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Sidgwick, Arthur (1840–1920), educationist and classical scholar
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Letter from Henry Sidgwick to Mary "Minnie" Benson.

Announces that he is going to Cambridge 'on the 3rd', and is thinking of going to visit her for a night or two 'after the 11th and before the 18th if convenient.' Remarks that the Rugby news was a shock, and states that he ceases to advise acquiescence [a reference to the troubles with the head, Henry Hayman?]. Reports that Arthur was skating on the Downs.

Letter from Henry Sidgwick to his mother

[Sent from Cambridge]:- Regrets that he cannot accept his Aunt [Henrietta?] Croft's invitation as he is engaged every morning from 8 to 2. Hopes to be able to go over to Bedford sometime, but it must be in vacation time. Talks of arrangements for meeting in winter, but announces that he wishes to spend the last month of the vacation in Cambridge learning Hebrew. Reports on Arthur's health and states that he is very cheerful and jolly. Hopes that William is coming to stay with him at the end of term. Comments on the weather, which had turned that day into 'what foreigners call "English weather".' Remarks that he was often taken for a Londoner in Germany. Reports that he is engaged now six hours a day 'in pure talking', and teaches for two hours a week at the Working Men's College; amongst others there, he instructs 'a converted Jew in the rudiments of Latin', who was 'brought by a queer enthusiastic Syrian traveller' whom they have among their fellows. Sends his love to his aunt and uncle [William and Stephana], and sends Arthur's love to his mother.

Letter from Henry Sidgwick to his mother

Thanks her for her letter. Announces that he has just resigned from his assistant tutorship and has informed the authorities that he intends to resign his fellowship very soon. Remarks that it is not impossible that they may appoint him lecturer in spite of his actions, but he does not expect them to do so. Advises her that the matter is a secret. Reports that the Master 'expressed himself very kindly about [Henry] in communicating [his] resignation to the College.' Remarks that everyone is very kind, and believes that if he is not reappointed 'it will not be from want of goodwill, but from a conviction that the interests of the College do not allow it.'. Claims to be happy, and believes that he has done the right thing.

Asks her to tell Arthur that he thinks they had on the whole, successful meetings at the Free Christian Union. States that Paul's sermon was very good, and is misrepresented in the Pall Mall Gazette. Reports that he has been staying with Mrs Clough, whom he likes 'very much' and that 'the new book' [The Poems and Prose Remains of Arthur Hugh Clough] is due out in about two weeks. Announces that he will come down to his mother about the end of the month or the following month. States that if she has Miss [Alice?] Horton staying with her, or if there is any other particular reason, he does not mind coming, however his hay fever is.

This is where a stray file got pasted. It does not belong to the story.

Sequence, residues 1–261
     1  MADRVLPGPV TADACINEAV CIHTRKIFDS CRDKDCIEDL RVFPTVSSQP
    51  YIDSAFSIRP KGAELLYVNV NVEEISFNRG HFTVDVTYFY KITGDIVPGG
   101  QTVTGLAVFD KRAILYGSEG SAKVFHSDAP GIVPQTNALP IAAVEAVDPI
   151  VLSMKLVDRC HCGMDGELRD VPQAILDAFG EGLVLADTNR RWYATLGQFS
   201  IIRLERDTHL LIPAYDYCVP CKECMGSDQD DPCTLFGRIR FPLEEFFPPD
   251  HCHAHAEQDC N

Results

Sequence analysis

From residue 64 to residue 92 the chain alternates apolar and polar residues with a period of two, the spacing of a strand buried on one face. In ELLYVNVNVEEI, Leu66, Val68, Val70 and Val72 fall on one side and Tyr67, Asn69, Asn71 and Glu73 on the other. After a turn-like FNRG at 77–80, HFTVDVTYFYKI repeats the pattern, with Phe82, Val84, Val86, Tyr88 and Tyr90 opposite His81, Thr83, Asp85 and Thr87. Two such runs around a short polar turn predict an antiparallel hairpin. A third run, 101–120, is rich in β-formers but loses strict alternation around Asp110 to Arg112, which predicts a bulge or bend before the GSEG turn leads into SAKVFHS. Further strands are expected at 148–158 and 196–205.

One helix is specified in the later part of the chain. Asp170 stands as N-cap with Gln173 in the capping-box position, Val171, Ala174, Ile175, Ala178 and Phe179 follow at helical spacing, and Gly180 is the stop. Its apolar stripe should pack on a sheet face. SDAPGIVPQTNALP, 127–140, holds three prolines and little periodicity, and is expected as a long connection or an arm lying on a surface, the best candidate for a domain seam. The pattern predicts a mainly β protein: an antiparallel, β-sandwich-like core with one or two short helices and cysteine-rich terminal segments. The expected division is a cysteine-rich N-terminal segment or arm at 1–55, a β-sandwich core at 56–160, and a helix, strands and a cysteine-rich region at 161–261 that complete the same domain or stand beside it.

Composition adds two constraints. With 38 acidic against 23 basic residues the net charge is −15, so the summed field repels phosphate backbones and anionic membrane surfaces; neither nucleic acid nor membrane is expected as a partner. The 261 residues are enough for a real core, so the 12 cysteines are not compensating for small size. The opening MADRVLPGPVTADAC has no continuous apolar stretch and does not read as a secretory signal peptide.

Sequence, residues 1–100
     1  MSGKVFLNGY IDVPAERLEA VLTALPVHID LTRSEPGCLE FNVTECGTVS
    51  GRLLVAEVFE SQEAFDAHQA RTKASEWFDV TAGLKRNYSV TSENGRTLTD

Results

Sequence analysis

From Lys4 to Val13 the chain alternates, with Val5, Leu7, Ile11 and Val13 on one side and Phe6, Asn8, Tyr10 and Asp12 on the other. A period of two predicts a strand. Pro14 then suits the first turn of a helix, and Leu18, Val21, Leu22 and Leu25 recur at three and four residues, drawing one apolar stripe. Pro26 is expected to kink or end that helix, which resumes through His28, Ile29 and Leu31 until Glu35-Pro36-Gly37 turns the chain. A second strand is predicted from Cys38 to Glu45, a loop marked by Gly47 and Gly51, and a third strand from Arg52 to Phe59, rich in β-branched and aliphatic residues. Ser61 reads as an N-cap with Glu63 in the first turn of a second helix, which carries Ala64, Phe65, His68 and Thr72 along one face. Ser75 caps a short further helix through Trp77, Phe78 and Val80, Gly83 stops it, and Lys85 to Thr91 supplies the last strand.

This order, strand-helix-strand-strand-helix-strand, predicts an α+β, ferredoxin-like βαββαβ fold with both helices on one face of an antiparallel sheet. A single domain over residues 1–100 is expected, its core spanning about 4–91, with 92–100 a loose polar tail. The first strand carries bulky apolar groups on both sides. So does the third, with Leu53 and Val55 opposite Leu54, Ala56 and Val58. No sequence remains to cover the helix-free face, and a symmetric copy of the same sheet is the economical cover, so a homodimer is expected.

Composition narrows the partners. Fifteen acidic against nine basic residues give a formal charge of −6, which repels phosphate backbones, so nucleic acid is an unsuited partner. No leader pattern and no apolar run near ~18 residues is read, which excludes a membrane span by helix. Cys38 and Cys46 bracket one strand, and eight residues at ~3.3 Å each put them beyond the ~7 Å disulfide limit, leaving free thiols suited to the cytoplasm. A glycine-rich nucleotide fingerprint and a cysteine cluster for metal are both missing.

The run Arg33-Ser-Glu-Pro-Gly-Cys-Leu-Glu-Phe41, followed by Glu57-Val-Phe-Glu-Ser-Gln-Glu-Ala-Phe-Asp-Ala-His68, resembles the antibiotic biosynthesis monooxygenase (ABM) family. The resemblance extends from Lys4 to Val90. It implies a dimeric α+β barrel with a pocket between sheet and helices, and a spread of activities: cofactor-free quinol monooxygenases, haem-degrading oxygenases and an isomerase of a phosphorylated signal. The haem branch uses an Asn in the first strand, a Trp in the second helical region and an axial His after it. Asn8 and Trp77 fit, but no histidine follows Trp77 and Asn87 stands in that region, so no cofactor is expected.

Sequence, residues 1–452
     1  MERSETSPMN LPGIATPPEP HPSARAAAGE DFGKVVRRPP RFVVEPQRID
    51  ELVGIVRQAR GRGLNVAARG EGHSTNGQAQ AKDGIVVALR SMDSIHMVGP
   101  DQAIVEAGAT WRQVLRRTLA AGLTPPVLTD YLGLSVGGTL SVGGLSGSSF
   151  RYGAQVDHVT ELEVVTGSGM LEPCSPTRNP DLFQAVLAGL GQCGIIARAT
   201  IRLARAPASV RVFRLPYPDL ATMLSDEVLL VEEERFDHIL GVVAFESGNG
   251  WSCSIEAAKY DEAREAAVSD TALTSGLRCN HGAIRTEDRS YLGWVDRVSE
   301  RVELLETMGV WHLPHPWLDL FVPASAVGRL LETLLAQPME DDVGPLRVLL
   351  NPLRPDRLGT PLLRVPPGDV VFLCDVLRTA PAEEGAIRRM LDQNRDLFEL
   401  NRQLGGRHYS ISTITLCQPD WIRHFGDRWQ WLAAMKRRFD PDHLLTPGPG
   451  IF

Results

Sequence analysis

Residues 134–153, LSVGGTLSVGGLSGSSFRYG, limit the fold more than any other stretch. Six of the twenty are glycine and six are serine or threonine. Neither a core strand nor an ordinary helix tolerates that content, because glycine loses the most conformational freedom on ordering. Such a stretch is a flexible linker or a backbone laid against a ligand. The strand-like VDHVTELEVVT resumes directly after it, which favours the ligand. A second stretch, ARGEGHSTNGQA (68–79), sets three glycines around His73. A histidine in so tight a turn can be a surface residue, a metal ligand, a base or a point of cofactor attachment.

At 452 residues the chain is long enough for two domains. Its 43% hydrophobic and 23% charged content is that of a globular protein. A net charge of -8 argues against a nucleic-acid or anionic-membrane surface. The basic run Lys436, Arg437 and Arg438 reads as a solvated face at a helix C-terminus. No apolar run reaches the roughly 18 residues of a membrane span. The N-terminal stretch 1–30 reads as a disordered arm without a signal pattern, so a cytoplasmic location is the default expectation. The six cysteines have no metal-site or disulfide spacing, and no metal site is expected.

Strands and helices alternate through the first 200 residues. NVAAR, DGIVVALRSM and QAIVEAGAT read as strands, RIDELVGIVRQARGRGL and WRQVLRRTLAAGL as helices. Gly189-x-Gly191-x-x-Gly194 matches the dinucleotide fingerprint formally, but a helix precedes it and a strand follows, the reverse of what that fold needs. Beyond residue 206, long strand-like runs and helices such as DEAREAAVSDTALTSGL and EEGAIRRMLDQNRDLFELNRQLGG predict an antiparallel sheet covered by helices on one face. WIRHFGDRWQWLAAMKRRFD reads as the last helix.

Copy letter from A. S. Hoyle to Arthur Sidgwick.

Reports that he has just finished reading Arthur Sidgwick's biography of Henry Sidgwick, which, he claims, 'had a purifying and ennobling influence' on his heart. Explains that he is a Methodist preacher, and does not have the same attitude to Christianity as Henry Sidgwick had, but asserts that the latter 'found his abiding place on earth in it. Compares the effect of the book on him to that which he experience on reading, as a young man, the biography of Charles Kingsley. Adds that he lived in Oxford not long before, and claims to have known Arthur Sidgwick's face on the street, and so read the book for his sake.

Letter from Henry Sidgwick to his mother

Reports that the authorities at Trinity College have offered him the post of 'Lecturer on Moral Sciences' at £200 a year, on the understanding that he repudiate all dogmatic obligations. Intends to resign his fellowship. Reports that he has had a conversation with [Bishop] Lightfoot about his situation, and announces that he has been 'partly determined by his advice not to secede from the Church of England.' Discusses his position with regard to his beliefs, including his attitude towards the Apostles' Creed. Asks her to show the letter to Arthur. Admits to be very glad to be 'free from the anxiety of weighing pros and cons.' Mentions that his income will be seriously reduced, but that he shall have much more than enough to live on.

Letter from Sir George Trevelyan to R. C. Trevelyan

Welcombe, Stratford on Avon. - Will send back some of Robert's books: the Chaucer; Conrad's "Lord Jim", which Sir George has read before; and Belloc's book, which Caroline 'can manage better' than Sir George. Arthur Sidgwick, who is 'very well and cheerful', and his wife are here; there has been much toboganning down the hills behind the house by 'all the very large pleasure society of Stratford', though now snow and Stratfordians are gone. Delighted to have news of Elizabeth and the baby [Paul]; Aunt Annie [Philips] is very pleased at the news; she is at Palermo and has been to Segesta, which was a hard journey of eleven hours.

Letter from Caroline Trevelyan to Elizabeth Trevelyan